Common causes of food poisoning

Millions of Americans deal with the misery of food poisoning each year, and a new report looks at some of the most common germs that made people sick in 2017.

The report, published yesterday (March 22) by the Centers for Disease Control and Prevention (CDC), analyzed information from a database that tracks food poisoning cases at 10 labs across the U.S. and covers 49 million people. The researchers looked for nine pathogens commonly transmitted by food, including seven types of bacteria and two types of parasites.

The most commonly reported foodborne illness germ was Campylobacter, a bacterium that is often found in raw poultry. There were about 19 Campylobacter infections per 100,000 people in 2017, according to the report.

The second-most-common germ was Salmonella, which caused about 16 infections per 100,000 people, followed by Shigella and Shiga toxin-producing E. coli (STEC), each of which caused about 4 infections per 100,000 people.

There was a 10-percent increase in the rate of Campylobacter infections and a 28-percent increase in the rate of STEC infections in 2017, compared with 2014-2016, the report found. However, some of these increases may have been due to the use of a relatively new type of lab test, called culture-independent diagnostic tests, which allow researchers to test for foodborne pathogens by looking for proteins or genetic material tied to the pathogens, rather than growing the germs in lab dishes. These tests can detect bacteria and other pathogens more easily than older tests, and are being used more and more frequently, the report said.

But researchers did see a 35-percent decrease in infections with E. coli O157, a type of STEC, in 2017 compared with 2006-2008, which mirrors a drop in E. coli O157 germs detected in ground beef over the same period, the report said.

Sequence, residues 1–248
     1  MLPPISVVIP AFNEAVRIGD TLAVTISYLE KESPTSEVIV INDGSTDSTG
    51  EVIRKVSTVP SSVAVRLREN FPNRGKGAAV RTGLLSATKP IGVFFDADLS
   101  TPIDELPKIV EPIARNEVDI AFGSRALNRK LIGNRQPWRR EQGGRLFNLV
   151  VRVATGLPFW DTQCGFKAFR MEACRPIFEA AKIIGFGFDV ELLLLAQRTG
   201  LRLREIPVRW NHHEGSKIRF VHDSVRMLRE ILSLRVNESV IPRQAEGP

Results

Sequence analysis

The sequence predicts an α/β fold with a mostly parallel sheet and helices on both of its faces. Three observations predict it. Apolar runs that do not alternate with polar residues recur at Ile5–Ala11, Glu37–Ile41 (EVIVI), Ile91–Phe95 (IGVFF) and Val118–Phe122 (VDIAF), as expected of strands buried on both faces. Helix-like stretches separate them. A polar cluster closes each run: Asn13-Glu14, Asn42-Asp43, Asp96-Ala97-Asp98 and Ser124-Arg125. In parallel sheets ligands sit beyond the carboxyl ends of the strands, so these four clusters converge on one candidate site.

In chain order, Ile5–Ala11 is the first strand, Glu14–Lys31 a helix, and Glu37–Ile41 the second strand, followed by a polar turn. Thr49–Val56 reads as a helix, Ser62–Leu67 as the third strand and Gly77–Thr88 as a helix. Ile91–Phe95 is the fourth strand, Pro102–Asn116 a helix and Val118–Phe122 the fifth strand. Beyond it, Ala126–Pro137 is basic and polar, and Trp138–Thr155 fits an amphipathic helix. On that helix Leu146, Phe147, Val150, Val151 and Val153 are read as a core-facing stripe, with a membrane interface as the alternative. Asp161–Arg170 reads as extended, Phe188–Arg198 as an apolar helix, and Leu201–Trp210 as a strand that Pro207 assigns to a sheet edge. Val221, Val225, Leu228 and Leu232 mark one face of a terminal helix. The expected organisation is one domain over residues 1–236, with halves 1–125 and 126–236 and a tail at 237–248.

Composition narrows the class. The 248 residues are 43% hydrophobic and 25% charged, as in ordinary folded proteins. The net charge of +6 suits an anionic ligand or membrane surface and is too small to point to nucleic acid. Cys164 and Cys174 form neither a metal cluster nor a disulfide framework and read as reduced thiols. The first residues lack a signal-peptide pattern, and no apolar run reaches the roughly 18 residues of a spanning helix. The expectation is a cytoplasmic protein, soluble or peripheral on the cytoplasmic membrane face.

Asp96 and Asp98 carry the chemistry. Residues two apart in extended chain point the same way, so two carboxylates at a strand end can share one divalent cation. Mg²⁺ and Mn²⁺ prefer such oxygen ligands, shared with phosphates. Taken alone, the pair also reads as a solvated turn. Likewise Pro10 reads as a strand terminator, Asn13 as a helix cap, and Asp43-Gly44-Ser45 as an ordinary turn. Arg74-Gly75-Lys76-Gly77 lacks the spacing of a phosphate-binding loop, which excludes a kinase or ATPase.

The overall rate of Salmonella infections was about the same in 2017 as it was in 2014-2016, but there was a drop in the rate of infections with two particular strains of Salmonella, called typhimurium and Heidelberg. These declines may be due, in part, to steps to vaccinate chickens against these strains of Salmonella, as well as other measures to prevent contamination of meat products, the report said.

The researchers concluded that “more control measures are needed” to prevent foodborne illness, including possibly “new or revised meat and poultry performance standards, and enhanced training and guidance for industry and inspection personnel.”

The CDC estimates that 48 million people in the United States get sick with foodborne illness each year. The new report did not include rates of norovirus infection, which causes an estimated 20 million cases of illness each year.

Original article on Live Science.

Common Causes

In 4 out of 5 cases of food poisoning, you never find out exactly what caused it. That’s OK because you most likely will get better on your own. But in cases where the culprit is found, it’s usually one of the following:

  • Norovirus , often called stomach flu, is behind more than half of the foodborne illnesses in the U.S. where the cause is known. Norovirus can sicken you not only through eating contaminated foods, but also through touching doorknobs and other surfaces or having contact with an infected person. You should wipe down the kitchen if someone in your house has it. It typically takes 12-48 hours before you feel sick. Your symptoms may last 1-3 days.
  • Salmonella is the name of a group of bacteria. They grow in undercooked eggs and meat. But you can also get salmonella from unpasteurized milk or cheese. Some fruits and vegetables, such as melons or sprouts, can also cause it. Symptoms start within 1-3 days and can last up to a week.
  • Clostridium perfringens are bacteria that are more likely to show up when foods are prepared in bulk, such as in cafeterias or nursing homes or for catered events. Cooking kills the bacteria but not its spores. So food left warming can grow new germs. You can get it from beef, chicken, or gravy. You may have cramps and diarrhea but no other symptoms. You get sick within 6-24 hours and are usually feeling better in a couple of days.
  • Campylobacter comes from undercooked poultry, unpasteurized milk, and sometimes water. It may take 2-5 days to develop symptoms you can notice. But you should feel better in another 2-10 days. You can’t pass it to anyone. But if it’s serious, you might have bloody diarrhea.